Translated by WINNIE CHOOI
Sin Chew Daily
In the olden days, there were seven essential items every household would have to attend to every morning, namely firewood, rice, oil, salt, sauce, vinegar and tea.
During those days, families would brew a pot of tea and place it on the table to quench the thirst whenever they needed. People used to drink tea, which was not only cheaper also healthier.
Firewood was used instead of cooking gas during those days. As for the vinegar, it was commonly used as seasoning other than the vinegar pork leg. Health experts claim a little vinegar a day would help improve our health.
Even as the world changes, these seven essential items continue to be daily necessities for many modern families.
In old times, grocery stores allowed payment credits and in the end the store owners would become creditors to to most families. As a result, stories of Malay residents rising up to protect Chinese grocery stores during the 1969 May 13 incident have been told.
Apart from heartfelt gratitude, these residents were also concerned that the robbed grocery stores would no longer be able to provide them credits and the daily necessities.
Today, many retailers repackage the goods into smaller, eye-catching packages for sale, unlike during the olden days when grocery stores would wrap up their sold merchandise with used newspapers.
In the past, housewives spent only a few cents to purchase sugar, anchovies or flour from the grocery stores. They would buy in 1 or 2 gantangs of rice during each visit to the shop, unlike today when people buy in large packets.
Small quantity transactions were actually beneficial to both the customers and store owners. Customers did not have to spend too much money each time as their monthly incomes were low.
It was a virtue that was practised in the olden days where people would not spend a lot of money at a time. By contrast, modern people tend to spend their future money on branded goods by means of credit cards.
Credit terms extended to customers must be cleared either in the beginning of the month or end of the month depending on their cash flow.
Some would clear their debts just before the Chinese New Year since they did not want to carry their debts forward to a new year. This practice is particularly appropriate to Malay farmers who would be allowed to carry forward to another year when the harvests were bountiful.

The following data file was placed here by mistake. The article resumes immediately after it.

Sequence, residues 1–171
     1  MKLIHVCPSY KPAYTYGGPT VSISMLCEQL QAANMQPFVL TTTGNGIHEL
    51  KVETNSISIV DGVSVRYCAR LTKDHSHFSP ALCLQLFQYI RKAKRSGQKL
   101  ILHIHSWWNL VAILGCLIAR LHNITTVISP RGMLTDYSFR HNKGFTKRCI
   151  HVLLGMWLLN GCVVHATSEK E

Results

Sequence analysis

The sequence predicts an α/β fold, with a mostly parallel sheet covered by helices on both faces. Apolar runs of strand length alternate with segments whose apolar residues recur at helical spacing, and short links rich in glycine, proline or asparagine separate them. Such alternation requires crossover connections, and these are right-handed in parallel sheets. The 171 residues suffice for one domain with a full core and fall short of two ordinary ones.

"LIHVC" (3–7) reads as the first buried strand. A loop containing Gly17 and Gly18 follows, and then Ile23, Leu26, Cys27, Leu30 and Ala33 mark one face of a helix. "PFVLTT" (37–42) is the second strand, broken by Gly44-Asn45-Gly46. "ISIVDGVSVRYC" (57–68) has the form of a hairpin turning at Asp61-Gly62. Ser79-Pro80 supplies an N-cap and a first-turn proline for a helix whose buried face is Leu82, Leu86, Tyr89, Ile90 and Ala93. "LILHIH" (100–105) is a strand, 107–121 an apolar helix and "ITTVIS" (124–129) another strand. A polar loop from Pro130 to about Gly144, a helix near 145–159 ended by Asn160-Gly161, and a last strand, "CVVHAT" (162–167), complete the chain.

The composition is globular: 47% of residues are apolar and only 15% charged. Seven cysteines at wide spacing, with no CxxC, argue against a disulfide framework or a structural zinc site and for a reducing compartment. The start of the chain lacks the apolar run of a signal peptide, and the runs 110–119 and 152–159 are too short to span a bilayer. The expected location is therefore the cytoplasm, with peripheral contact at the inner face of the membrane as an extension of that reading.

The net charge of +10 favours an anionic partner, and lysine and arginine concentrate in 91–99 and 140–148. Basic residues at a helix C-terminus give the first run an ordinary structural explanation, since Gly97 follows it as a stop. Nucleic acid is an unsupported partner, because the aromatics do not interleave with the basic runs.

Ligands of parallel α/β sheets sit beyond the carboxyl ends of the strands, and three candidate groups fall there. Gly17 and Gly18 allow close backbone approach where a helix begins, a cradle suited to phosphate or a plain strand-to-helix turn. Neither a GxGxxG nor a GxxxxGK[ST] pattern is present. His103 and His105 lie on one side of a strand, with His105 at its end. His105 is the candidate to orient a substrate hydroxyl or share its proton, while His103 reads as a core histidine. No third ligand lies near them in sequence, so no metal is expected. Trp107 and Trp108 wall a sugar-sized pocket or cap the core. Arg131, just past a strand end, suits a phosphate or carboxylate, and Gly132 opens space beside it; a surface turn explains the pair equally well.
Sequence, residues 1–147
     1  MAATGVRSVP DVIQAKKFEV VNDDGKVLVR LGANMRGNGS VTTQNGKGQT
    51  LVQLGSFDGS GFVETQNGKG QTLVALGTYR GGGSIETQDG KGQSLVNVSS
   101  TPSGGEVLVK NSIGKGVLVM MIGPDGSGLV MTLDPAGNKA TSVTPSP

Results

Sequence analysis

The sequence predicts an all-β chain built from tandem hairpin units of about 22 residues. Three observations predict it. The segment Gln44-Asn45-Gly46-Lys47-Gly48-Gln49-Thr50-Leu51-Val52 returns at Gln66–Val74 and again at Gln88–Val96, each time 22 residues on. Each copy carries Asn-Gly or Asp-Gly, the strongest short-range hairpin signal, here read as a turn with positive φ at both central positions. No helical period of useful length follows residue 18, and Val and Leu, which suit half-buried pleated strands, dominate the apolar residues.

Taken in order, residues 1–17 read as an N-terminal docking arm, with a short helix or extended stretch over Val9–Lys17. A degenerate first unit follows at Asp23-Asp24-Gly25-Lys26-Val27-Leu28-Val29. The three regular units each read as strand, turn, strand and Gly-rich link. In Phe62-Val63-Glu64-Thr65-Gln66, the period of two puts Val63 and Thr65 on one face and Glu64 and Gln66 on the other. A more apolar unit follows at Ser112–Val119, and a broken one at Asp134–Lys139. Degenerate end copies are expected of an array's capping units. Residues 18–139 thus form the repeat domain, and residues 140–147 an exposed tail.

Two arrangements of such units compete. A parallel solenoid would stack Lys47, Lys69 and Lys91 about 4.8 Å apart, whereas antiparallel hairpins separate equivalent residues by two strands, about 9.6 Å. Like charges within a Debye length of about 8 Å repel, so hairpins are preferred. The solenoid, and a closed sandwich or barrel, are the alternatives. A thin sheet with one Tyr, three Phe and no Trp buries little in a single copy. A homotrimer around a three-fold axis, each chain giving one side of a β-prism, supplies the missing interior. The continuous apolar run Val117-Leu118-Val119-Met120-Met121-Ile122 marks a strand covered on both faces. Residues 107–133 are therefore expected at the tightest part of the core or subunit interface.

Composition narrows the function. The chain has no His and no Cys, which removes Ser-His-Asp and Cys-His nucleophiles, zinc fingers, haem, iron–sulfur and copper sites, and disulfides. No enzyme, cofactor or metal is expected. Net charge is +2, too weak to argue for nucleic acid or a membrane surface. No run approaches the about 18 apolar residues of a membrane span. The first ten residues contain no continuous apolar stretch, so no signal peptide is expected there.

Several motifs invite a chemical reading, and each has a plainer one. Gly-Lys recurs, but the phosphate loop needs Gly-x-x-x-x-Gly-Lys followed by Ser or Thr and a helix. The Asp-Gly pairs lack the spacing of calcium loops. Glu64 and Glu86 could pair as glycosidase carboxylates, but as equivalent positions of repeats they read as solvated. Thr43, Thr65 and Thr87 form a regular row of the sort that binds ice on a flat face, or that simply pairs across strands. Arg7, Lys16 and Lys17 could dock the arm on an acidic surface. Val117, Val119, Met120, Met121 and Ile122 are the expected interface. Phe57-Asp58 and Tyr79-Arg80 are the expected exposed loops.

The shop owners would never fear that their customers would run away from them. In fact, they could impose higher interests for overdue payments.
That was the way Chinese grocery stores operated. A smart business strategy indeed.
Those who have visited an old grocery store would definitely miss the pull-down buckets.
When the customers made the payment, the owner would pull down a bucket hung from the ceiling and dump the money inside or take out the change from it.
When this was done, the boss would then loosen his hand and the bucket would be pulled up again.
Hanging the money bucket high up would also serve to turn away potential thieves who would invariably alert the boss if they attempted to pull down the money bucket.
The only one left
Modern people can purchase on credit in large stores today, and few would need the credits provided by old grocery stores.
The 60-year-old Ban Huat mini market along Jalan Seang Teik, Penang, still retains a money bucket.
65-year-old shop owner, Lin Yong Sheng started helping out at his his father's store in 1962.
"There used to be nine grocery shops in the vicinity of Jalan Seang Teik market. Only one is left today," said Lim.
Strategically located next to the market, the shop's businesses have been promising with daily supplies of necessities such as rice, oil, salt and sauce to housewives.
Today's grocery stores no longer provide credit terms or trade their stuffs at a few pennies. A bowl of noodle was just about 20 cents in the past but is now RM3.